UN's new special envoy for the Great Lakes, former Irish president and renowned rights activist Mary Robinson, will next week make her first tour of the region since assuming her role, the United Nations said in a statement Thursday.
The week-long visit, which will bring her to Democratic Republic of Congo, Rwanda, Uganda, Burundi and South Africa, starts Monday and will wrap up on May 5, with a visit to the African Union in Ethiopia's capital.
Robinson assumed the special envoy post last month and has been tasked with leading political efforts to bring an end more than two decades of conflict in the region.
During her trip, Robinson will initiate talks "with leaders and officials from key countries that recently signed the Peace, Security and Cooperation Framework for the Democratic Republic of the Congo and the region" and explore ways to translate it into "tangible actions and cooperation to end the recurrent cycles of crisis and suffering in the eastern DRC".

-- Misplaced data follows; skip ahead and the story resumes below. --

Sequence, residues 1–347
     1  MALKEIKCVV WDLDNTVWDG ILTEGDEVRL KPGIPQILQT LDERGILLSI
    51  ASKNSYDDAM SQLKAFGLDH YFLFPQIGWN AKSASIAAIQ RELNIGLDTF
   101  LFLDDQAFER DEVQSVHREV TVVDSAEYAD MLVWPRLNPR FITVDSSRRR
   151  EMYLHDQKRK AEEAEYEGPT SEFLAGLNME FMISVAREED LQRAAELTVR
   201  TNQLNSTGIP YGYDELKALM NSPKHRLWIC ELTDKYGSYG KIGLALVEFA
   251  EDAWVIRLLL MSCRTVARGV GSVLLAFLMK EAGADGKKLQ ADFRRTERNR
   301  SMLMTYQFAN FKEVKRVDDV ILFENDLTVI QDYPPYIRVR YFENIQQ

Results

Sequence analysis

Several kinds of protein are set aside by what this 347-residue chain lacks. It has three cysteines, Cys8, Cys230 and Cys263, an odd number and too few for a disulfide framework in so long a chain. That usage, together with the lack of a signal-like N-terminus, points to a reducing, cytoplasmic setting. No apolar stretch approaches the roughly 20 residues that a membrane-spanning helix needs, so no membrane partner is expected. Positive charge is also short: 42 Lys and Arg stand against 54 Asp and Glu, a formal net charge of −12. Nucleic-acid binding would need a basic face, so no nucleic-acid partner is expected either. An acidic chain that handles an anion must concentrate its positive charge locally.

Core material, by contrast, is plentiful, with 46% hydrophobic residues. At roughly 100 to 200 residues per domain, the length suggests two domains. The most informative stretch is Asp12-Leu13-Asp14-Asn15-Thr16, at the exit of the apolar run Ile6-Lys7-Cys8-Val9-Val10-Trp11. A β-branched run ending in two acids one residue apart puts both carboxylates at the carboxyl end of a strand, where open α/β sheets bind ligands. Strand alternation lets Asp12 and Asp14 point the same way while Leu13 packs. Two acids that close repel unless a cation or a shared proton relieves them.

In February, 11 African countries signed a UN-brokered accord in a bid to end more than two decades of conflict in DR Congo's mineral rich east, which has been a haven for armed groups who have left a trail of bloodshed and killing in their wake, and raped tens of thousands of women.
Violence surged again last May when the Congolese army began fighting the M23 rebel group, formed by army mutineers.
On April 29, Robinson will arrive in Kinshasa where she is scheduled to meet President Joseph Kabila, Foreign Affairs Minister Raymond Tshibanda and leaders of the UN peacekeeping mission in the country (MONUSCO). On April 30, she will visit the provincial capital of Goma in the country's volatile east, where she is meeting local authorities, rights groups and UN peacekeeping partners.
Robinson was president of Ireland from 1990 to 1997 and UN High Commissioner for Human Rights from 1997 to 2002.